Circular. Maybe ten inches across, and one inch thick.
These are typically made by the mother of the Ethiopian family. First, she takes wheat that has been donated by the government or by a foreign government (frequently the U.S., from what Getachew told me), and she grinds it by hand between a rough rock and a smooth rock. The ground wheat falls into a container on the floor. She then takes the ground wheat, and mixes it with a little water, to create a dough. No other ingredients than wheat and water. She kneads the mixture for about an hour by hand. Then, she shapes the “cakes” of bread, and bakes them on a traditional clay surface over a fire.
Getachew told me the story of being a teen-ager, and walking 50 kilometers each way to his school (where he would stay for the school week, by staying with friends). He walked this distance barefoot both ways weekly. He said the sharp rocks on the foot paths in Ethiopia would cut his feet. But there was no choice, so he made due.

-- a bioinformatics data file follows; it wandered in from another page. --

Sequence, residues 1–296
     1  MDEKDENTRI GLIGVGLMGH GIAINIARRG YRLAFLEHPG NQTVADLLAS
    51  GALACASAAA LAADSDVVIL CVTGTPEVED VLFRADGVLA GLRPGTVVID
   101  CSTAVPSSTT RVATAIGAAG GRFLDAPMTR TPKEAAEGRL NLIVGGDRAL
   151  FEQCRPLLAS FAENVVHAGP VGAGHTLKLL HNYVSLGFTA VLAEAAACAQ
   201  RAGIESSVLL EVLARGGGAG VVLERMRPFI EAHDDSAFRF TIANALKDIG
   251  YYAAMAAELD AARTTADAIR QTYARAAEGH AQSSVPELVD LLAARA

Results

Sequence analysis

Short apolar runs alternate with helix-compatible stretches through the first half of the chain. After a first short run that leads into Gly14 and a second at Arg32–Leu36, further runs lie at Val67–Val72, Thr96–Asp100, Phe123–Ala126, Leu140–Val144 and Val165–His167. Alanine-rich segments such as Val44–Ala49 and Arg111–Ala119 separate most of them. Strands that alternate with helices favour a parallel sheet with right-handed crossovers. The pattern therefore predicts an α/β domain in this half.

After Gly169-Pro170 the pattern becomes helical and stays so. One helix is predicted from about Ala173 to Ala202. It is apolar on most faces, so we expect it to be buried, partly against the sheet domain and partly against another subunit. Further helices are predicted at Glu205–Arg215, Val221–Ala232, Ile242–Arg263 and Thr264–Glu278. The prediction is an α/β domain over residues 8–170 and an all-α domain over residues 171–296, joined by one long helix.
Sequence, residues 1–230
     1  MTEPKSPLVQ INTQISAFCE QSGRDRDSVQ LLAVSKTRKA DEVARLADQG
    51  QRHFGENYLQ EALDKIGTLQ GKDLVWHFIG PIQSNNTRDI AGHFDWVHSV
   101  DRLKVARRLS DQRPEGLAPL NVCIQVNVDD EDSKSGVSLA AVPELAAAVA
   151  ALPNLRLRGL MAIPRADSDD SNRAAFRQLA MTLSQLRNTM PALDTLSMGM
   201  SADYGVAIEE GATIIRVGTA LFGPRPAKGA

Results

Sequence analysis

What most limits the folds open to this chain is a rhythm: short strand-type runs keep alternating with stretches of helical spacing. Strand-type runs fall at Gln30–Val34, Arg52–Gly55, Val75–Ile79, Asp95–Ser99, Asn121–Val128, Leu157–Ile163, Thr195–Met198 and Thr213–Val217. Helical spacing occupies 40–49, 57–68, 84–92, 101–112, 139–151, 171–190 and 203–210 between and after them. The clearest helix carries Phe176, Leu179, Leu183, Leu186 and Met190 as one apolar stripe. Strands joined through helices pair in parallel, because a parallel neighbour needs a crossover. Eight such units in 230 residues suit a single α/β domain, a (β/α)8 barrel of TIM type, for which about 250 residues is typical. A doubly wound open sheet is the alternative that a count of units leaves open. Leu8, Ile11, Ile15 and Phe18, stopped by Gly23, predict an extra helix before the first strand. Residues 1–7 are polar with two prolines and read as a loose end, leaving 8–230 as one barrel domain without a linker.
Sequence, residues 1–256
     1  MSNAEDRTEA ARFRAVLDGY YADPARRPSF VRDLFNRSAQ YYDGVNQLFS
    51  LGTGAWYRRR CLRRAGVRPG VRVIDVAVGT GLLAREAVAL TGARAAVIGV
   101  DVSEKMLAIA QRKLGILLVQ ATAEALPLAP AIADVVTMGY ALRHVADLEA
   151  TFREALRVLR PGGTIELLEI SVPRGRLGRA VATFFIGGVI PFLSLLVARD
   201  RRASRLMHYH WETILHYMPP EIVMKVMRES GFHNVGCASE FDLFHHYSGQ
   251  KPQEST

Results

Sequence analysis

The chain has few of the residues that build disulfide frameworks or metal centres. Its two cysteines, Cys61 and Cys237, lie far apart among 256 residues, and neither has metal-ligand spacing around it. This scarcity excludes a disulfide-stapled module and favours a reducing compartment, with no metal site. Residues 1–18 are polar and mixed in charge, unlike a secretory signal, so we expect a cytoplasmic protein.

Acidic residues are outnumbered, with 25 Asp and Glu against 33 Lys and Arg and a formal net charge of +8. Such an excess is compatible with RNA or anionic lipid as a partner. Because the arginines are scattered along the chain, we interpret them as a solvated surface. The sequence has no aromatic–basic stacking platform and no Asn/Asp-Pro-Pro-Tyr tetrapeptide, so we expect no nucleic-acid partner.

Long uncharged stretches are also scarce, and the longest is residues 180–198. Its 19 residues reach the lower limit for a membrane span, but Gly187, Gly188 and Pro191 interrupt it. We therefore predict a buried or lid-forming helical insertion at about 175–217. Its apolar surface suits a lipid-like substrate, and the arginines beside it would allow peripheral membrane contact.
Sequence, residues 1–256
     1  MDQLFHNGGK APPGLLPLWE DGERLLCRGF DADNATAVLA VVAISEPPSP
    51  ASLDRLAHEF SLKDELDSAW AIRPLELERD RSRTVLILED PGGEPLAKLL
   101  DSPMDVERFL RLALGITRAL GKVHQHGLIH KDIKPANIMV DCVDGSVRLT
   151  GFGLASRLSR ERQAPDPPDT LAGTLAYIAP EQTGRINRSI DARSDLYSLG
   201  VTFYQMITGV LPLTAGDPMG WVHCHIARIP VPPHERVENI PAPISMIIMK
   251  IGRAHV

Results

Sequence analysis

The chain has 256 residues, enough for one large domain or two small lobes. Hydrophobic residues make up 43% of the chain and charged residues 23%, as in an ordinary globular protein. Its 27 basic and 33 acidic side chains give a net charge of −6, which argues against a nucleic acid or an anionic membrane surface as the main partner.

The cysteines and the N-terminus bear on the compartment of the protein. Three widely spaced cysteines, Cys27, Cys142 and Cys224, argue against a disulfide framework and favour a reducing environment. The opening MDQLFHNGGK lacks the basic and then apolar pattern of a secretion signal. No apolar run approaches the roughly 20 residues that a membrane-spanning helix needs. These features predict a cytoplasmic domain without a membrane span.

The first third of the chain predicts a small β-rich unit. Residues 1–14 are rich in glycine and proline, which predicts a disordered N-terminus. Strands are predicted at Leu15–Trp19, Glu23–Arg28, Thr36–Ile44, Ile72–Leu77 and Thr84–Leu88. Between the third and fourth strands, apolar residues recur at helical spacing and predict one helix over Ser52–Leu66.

When he would leave for school for the week, he would take 6-7 pieces of bread with him, in a bag over his shoulder. This was his food for the week.
By the 2nd or 3rd day, the bread would be so dried out that it would often be impossible to chew or bite into. So he would break off a piece, and dunk it into water, and eat it that way. Sometimes, it was so dried out that he would break it into little pieces – a powder of sorts – and then just mix it with water in a sort of soup, and eat it that way.
Things are different for Getachew now. He has a beautiful daughter and a wonderful wife… and a great job.